The wind is a whitetail’s first and best line of defense. No other sense tops it. Sight and hearing are both secondary assets to a deer’s survival. Because of that, we have to be careful with our scent. Very careful. Here are several ways to do that.
1. Take a Bath
I always take a shower with scent-reducing soap before each hunt. This helps to lessen the chance of detection while in the field.
2. Baking Soda Tooth Paste
This might seem old school, but it works. Brushing your teeth with baking soda will prevent a lot of odor from being emitted out into the area you hunt. And when most human odor comes from our mouth anyway, it only makes sense to lessen it where it counts most.
3. Wash Those Clothes
Wash your hunting clothes at least once per week. This will rid them of any sweat and scent that’s soaked into them while in the woods.
4. Wear Rubber Boots
Wearing rubber boots will cut down on scent, too. That’s why I prefer them over leather and other boot options.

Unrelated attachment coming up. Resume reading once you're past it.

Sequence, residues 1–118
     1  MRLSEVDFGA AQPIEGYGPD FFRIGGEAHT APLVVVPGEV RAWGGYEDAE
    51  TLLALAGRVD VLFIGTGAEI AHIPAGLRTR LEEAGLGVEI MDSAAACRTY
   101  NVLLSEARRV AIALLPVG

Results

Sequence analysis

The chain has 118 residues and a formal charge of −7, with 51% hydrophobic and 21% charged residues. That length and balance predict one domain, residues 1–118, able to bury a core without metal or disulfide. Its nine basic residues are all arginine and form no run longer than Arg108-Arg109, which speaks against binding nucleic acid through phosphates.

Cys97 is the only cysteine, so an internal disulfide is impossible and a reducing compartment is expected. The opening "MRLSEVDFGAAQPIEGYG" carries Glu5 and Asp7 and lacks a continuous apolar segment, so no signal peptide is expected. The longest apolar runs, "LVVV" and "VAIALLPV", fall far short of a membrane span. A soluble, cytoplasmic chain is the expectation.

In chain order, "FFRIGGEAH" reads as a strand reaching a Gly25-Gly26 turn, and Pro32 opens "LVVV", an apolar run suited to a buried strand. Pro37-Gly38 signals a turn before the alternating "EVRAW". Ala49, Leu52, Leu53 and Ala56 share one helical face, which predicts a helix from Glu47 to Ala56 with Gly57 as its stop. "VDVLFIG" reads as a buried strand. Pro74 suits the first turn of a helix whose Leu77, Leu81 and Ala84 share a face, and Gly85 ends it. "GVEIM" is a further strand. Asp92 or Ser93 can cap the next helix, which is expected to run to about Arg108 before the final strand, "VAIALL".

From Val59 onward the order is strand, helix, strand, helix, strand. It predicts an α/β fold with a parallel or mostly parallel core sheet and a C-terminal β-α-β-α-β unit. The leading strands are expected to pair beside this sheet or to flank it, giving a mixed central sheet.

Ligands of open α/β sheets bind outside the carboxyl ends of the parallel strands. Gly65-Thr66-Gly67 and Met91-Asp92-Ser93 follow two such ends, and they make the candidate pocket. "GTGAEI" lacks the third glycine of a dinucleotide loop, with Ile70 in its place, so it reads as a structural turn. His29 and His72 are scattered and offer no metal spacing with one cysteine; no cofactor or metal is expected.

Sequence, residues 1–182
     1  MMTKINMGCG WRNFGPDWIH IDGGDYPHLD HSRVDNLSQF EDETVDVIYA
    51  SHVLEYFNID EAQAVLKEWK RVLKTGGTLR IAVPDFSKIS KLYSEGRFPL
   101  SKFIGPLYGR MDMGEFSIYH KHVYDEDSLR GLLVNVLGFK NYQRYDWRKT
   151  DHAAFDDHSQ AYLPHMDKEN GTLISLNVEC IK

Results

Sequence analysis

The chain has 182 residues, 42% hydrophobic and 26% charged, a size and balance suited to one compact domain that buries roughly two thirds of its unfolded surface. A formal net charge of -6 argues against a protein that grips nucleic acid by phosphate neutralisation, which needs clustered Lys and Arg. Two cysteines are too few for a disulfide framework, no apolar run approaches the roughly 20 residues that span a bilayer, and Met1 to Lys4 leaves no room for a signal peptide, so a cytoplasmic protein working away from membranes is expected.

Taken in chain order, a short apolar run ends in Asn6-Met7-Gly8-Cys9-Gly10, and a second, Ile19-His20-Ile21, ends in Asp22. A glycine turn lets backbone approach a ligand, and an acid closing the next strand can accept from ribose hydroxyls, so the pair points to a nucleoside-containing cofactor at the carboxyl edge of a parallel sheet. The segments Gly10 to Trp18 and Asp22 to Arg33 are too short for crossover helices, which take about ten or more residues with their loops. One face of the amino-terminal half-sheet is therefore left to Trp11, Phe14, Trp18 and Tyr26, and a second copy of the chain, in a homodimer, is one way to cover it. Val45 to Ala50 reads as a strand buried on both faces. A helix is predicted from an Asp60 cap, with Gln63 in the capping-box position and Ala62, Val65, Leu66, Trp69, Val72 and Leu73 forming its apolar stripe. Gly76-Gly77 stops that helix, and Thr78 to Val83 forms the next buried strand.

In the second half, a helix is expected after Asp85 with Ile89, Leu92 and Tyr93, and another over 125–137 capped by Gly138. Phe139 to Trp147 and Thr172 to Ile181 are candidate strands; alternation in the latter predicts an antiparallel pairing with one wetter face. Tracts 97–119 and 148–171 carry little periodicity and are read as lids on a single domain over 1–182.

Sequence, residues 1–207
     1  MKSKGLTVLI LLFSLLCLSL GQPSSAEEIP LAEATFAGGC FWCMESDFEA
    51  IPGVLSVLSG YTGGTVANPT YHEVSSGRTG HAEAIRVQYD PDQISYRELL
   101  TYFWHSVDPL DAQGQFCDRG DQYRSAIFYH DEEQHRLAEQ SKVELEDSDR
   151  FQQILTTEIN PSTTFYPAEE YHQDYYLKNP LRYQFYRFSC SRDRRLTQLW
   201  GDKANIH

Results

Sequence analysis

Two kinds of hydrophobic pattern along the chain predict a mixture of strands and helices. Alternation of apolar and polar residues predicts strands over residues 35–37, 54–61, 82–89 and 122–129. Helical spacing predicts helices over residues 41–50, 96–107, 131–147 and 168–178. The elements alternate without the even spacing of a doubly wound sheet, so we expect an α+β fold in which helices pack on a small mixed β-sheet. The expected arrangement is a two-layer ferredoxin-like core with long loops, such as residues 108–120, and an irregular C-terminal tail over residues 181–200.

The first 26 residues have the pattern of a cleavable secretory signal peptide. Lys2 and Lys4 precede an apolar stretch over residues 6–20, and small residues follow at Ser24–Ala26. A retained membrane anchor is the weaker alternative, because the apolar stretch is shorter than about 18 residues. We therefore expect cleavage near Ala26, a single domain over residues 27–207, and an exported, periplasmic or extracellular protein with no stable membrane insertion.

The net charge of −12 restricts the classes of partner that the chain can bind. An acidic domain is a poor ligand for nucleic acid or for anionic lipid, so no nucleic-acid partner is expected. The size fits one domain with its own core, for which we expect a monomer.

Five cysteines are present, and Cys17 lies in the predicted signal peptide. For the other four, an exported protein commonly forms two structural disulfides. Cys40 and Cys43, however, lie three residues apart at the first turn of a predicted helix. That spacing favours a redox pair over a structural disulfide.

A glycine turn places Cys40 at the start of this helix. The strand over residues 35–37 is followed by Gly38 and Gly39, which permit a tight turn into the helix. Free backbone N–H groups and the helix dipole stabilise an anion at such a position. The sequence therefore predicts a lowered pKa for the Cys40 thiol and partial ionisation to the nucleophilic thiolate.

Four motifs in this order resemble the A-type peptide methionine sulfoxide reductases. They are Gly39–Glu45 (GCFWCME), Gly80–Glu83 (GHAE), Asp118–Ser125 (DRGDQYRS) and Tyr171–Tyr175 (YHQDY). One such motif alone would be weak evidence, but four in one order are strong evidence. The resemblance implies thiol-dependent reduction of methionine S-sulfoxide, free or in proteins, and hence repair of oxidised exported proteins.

5. Properly Storing Clothing
Keep hunting clothes stored in an air-tight container when not in use. Also, leave natural cover scents in with them, such as cedar chips.
6. Scent-Proof Your Gear
People get so caught up in treating their hunting clothes that they forget everything else. It’s also important to reduce scent on your backpack, weapon and anything else you take to the field.
7. Monitor Winds Upon Entry (and Exit)
Keep a wind checker in your hand as you move to and from your stand. It’s imperative to know where it’s blowing at all times. If it blows toward where deer are, pull out and choose another route.
8. Hunt Stands with Favorable Winds
The safest bet is to only hunt stands with favorable winds. If you can do that in a spot that a mature deer is showing itself in daylight, great. But it doesn’t usually play out that way, as you’ll read in the bonus tip below.